Tuesday, June 4, 2019

Day Yoimie Snippets ... Bechoros Dafim 39 ,40,41,42,43 , 44 & 45

A great opportunity for the entire family, to share some thoughts on the daf ...  the  family feels united by discussing what the head of the house is studying.
I try to break it down so that everyone can understand it .... 
You can copy and print this without my consent, since Torah belongs to all of us..... 

See  previous Daf Yoimie Snippets 

This week's "Daf Yoimie Snippets Sponsored For the Refuah Shliemah of 
צארטל בת אסתר מלכה 

''דף ל''ט ''בהמה בעלת מום    
Page 39  Mesectas Bechoros  
''A Blemished Animal"

At times, it is necessary to establish whether or not a certain animal is permanently blemished.

It is possible to deem an animal a ba'alat moom, only if attempts were made to heal the animal and those attempts proved to be unsuccessful. 

It should be noted that incompetent attempts or inappropriate methods of treatment do not count.

Only if proper measures were taken e.g., the animal was fed moist greenery and dried greenery, as needed; provided with sufficient water to drink while in the field; ample space to roam; and the like.

Only after all of the appropriate measures have been taken and the animal still does not heal, is it permissible to deem that animal a ba'alat moom.

Press "read more" right below to see rest of the dafim

''דף מ' ''שושן הבירה הבית    
Page 40  Mesectas Bechoros  
''Shushan the Capital on Har HaBayit"

The gallery at the eastern gate of the Beit Ha'Mikdash was nicknamed Shushan Ha'Beera, or Shushan the Capital, a reference to the Capital of Persia.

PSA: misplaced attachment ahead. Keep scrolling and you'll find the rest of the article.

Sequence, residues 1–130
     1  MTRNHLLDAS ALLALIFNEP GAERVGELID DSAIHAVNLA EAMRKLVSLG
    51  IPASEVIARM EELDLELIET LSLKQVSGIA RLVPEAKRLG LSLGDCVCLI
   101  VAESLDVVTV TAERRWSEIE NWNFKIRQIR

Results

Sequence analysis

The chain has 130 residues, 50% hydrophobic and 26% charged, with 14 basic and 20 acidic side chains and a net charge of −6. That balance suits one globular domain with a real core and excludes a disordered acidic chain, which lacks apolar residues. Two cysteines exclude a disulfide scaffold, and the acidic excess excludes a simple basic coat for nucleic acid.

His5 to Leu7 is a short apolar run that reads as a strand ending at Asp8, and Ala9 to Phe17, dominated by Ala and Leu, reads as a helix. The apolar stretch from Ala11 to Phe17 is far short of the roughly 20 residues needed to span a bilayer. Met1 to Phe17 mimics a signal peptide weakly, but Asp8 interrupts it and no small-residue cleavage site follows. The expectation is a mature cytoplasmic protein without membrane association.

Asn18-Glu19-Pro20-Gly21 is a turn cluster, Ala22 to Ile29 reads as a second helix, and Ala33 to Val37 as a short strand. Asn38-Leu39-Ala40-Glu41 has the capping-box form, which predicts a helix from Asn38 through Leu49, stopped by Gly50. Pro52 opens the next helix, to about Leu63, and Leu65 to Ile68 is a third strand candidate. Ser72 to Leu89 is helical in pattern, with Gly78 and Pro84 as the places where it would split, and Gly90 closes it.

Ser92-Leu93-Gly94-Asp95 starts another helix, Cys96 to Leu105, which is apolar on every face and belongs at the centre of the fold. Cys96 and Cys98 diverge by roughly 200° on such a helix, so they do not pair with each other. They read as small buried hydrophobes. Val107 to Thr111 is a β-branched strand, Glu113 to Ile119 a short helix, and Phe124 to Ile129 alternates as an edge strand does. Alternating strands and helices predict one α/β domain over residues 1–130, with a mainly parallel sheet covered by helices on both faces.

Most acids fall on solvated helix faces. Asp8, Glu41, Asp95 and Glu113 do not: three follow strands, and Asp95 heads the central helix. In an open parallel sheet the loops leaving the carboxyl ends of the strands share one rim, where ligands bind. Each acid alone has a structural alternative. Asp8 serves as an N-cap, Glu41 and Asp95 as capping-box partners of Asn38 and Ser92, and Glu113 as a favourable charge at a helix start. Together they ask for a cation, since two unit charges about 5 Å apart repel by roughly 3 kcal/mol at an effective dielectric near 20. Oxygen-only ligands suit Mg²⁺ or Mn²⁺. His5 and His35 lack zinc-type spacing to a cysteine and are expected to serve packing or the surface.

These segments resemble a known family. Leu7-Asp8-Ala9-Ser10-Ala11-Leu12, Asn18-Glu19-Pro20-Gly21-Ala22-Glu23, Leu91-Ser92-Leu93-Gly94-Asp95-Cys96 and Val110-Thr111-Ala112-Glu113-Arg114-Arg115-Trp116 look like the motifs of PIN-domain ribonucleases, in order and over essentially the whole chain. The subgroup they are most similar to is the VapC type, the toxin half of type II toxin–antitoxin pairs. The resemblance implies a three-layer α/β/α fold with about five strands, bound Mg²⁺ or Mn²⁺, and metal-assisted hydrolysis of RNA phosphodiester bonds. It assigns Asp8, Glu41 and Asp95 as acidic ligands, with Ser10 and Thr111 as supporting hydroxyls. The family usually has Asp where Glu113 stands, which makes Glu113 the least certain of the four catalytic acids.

The Talmud states that "two different amot (cubits) [were utilized] in Shusan Ha'Beera."

There were two rods used for measuring length. 
Each rod designated the length of an amah, though one rod was a finger breadth longer than the other.

Why were two different measurements for an amah accepted in the Beit Ha'Mikdash?

Because the Beit Ha'Mikdash authorities wanted to prevent sanctified money from being incorrectly dispensed to contract workers doing jobs for the Beit Ha'Mikdash.

Since it is very difficult to take precise measurements, a longer amah rod was used to measure Beit Ha'Mikdash items so that workers receiving full pay would not do an incomplete job.

''דף מ''א ''קורבנות בעלי מום    
Page 41  Mesectas Bechoros  
''Offerings That Became Blemished"
Only exceptional quality, unblemished animals were sacrificed as korbanot in the Beit Ha'Mikdash

Animals designated as korbonot that became blemished were redeemed and relieved of their sacred status, and then sent for shechita.

However, it was only permissible to redeem a korban that has a permanent moom, i.e., a blemish that will not heal, therefore making that animal unfit to be offered on the mizbaiach, the  alter. 

If an unblemished animal could not, for some other reason, be brought as as sacrifice, the kohanim would wait until that animal became permanently blemished and only then redeem the animal.

"דף מ"ב "רבי אלעאי
Page 42  Mesectas Bechoros  
''Rabbi Elai"